But it is possible to think bigger than this.

In his teachings, Son Master Songdam tells us that there is an insect which can only perceive one dimension of physical space. It can only see what's in front of itself. It lives its entire life moving forward along a straight line. And if in the course of walking forward, another insect should poke it from the side, the one-dimensional insect would not be able to see what touched it. This insect has no ability to perceive left and right. From its perspective, an invisible and mysterious force struck it on the side for no apparent reason. It doesn't know that there is a world surrounding it.

Then, we are told that there is another kind of insect. This insect can perceive only in two dimensions. It can see what's in front and behind, to the left and to the right. But it cannot see anything above or below itself. This insect perceives the entire universe as a flat plane.

So this insect lays its egg on the ground, on the flat surface that is its world. And then in order to protect the egg, the insect proceeds to circle it incessantly, always on the lookout for predators from the north, south, east or west.

But one day a bird swoops down from above and plucks the egg. The disappointed insect has no idea what just happened. From its perspective, the egg simply disappeared. There is no way for the insect to understand that there is a sky above it, another world with height and depth, populated by other creatures.

Now let's consider human beings. We live in three dimensions. We can perceive events in front and back, left and right, and above and below. We take our precious money and put it in a safe where nothing can get to it from any direction. But when we open the safe the next day, the money is gone. We look at the video recordings of our surveillance cameras, but they show nothing. As far as we can tell, during the night no one ever approached the safe and it was never opened. And yet the money is gone. We are completely baffled by this seemingly mysterious occurrence.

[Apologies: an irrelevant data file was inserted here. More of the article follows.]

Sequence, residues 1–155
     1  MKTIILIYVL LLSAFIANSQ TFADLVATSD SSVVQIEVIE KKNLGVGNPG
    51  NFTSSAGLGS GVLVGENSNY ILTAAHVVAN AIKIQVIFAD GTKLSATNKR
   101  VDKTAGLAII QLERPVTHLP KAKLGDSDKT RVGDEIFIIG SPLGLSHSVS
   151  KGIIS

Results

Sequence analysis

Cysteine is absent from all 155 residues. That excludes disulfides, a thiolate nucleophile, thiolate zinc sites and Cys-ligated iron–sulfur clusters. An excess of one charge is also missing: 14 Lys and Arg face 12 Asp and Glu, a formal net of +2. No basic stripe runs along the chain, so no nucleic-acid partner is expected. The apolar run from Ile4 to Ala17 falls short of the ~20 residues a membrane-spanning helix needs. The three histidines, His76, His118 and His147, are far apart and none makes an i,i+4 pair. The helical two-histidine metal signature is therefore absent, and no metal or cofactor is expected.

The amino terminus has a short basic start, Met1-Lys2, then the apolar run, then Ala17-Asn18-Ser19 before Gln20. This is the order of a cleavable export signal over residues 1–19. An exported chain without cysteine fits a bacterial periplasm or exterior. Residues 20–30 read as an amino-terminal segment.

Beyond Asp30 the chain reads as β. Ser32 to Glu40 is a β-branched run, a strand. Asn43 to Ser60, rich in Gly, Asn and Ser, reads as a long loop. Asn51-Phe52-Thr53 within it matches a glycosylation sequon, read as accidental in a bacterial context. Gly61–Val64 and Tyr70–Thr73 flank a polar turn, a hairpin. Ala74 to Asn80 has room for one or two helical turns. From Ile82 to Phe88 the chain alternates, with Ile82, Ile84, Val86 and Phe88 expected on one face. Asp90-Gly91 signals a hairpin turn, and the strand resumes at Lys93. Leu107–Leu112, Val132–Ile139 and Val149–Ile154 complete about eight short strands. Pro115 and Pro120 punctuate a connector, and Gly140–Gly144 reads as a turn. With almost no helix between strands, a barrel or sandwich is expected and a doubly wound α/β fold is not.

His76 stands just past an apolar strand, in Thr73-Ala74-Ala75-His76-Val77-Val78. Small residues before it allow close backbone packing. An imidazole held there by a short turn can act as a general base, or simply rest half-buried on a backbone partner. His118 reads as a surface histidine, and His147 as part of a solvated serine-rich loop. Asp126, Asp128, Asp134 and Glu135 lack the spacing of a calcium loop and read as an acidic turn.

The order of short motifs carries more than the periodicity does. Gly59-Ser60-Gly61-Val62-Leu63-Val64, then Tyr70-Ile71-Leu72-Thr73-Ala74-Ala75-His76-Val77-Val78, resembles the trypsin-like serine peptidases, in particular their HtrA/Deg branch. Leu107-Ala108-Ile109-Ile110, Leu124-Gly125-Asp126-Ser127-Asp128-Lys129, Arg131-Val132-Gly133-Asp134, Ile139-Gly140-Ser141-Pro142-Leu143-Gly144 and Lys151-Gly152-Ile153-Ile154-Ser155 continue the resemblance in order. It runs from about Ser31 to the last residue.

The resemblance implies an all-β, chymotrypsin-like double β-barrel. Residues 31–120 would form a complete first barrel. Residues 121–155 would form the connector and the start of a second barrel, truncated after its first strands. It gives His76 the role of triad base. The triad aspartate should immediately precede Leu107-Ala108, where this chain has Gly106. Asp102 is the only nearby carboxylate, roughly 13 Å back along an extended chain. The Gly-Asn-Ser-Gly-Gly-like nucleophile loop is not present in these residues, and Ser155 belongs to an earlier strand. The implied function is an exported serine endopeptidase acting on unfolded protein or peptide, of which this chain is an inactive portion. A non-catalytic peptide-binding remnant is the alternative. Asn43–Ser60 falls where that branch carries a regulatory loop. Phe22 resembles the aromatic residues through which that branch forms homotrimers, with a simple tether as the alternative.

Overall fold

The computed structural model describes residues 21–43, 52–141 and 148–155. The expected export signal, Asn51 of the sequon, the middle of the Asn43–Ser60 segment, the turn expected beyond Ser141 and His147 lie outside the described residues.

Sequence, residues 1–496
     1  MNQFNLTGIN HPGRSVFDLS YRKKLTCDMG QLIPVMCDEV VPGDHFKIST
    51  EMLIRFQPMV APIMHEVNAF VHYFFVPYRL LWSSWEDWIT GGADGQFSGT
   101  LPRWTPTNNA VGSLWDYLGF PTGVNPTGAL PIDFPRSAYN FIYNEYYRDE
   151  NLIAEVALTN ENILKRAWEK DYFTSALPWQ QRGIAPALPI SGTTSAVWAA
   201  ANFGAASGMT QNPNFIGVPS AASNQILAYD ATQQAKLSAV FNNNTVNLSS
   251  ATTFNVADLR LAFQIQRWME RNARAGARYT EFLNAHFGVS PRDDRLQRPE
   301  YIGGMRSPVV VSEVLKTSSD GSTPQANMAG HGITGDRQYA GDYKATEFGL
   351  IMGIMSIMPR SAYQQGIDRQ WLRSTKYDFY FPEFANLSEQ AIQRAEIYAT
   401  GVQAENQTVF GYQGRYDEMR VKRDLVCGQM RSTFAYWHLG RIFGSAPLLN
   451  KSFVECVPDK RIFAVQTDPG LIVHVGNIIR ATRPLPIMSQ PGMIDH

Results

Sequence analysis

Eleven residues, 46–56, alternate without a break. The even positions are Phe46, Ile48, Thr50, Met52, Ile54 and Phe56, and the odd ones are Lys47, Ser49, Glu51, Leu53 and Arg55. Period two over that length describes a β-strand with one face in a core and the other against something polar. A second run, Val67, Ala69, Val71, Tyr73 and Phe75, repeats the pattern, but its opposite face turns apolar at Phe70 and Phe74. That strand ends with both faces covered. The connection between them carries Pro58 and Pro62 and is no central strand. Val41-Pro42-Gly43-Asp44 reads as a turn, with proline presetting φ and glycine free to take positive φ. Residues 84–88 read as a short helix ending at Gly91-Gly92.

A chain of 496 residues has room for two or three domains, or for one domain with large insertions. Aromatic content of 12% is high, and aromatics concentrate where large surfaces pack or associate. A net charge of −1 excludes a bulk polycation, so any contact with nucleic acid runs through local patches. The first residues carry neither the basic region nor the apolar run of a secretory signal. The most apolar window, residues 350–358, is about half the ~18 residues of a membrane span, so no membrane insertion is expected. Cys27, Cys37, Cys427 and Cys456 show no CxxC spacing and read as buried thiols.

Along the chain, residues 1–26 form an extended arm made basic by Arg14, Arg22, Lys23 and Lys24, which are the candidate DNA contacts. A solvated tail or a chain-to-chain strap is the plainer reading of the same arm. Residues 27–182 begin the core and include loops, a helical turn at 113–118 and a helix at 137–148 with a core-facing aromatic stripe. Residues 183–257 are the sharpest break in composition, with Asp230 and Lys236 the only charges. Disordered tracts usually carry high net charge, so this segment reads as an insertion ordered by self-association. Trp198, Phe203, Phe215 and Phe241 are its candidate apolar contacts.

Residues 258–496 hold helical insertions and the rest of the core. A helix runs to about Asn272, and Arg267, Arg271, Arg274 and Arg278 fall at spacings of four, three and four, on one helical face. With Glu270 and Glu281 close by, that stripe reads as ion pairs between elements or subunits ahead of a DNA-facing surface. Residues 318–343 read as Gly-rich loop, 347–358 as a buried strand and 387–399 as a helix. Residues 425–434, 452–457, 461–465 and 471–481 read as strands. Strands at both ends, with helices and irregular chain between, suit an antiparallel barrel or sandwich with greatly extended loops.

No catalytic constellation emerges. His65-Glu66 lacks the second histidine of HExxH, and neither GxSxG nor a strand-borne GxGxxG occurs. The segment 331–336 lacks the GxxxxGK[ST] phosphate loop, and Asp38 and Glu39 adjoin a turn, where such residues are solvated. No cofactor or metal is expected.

This is because we have no way of comprehending that there exists a four-dimensional being that can move forward and backward in time as easily as a human being walks up and down a hallway. This four-dimensional being went into the past and took the money before the human being ever placed it in the safe. The human being, of course, has no way to perceive such events and from our perspective the money simply disappeared.

Through this simple story, we can see how the structure of our consciousness and its perceptual faculties completely define and, in fact, create the world that we experience. Whether it's a one-dimensional insect, a two-dimensional one, a three-dimensional human being, or a four-dimensional thief, each of us is totally convinced that what we perceive and know of the world is, in fact, all of the world.

In our current state of consciousness, we simply cannot imagine the existence of other levels of reality.

But everyone from the ancient sages of the past to contemporary physicists has imagined other dimensions of existence. Scientists for at least the past one hundred years have theorized the existence of multiple dimensions of physical reality.

In our day to day experience of living, however, we cannot help but instinctively believe that what we perceive is all that there is. Whatever we may theorize or imagine, we always feel that reality is exactly the way we physically experience it.

But what if Son meditation could expand our powers of perception and awareness? What if the one-dimensional insect could discover a second dimension of physical space and see the breadth of the world? What if the two-dimensional insect could discover the third dimension and witness the height of the world?

What if we limited human beings were, in fact, Buddha? What if we could practice Son meditation and learn to experience the universe in all of its infinite dimensions?

Could we not become universal beings?

Isn't it possible that the legends of transcendent bodhisattvas, possessed of seemingly miraculous powers and unhindered by time and space, could be true?

But wait a second.

Whether the universe has one dimension, three dimensions, or infinite dimensions, didn't we say before that it's all just a reflection of our own mind?

So what if in Son meditation, through "Yi-mwot-go?" we turned our gaze inward to the thing that's being reflected in the mirror of the universe?

Wouldn't we then be gazing at the origin point of the universe? The source of all realities?

What if we attempted to perceive the perceiver?

Then, wouldn't we come to know the one and only true thing in all of existence?

The one thing at the heart of all things.

According to the Son Buddhist teachings, when we come to know this one thing, then we will know all things. This is the only truly worthy goal of all human endeavor.


Palms together,
Hwansan Sunim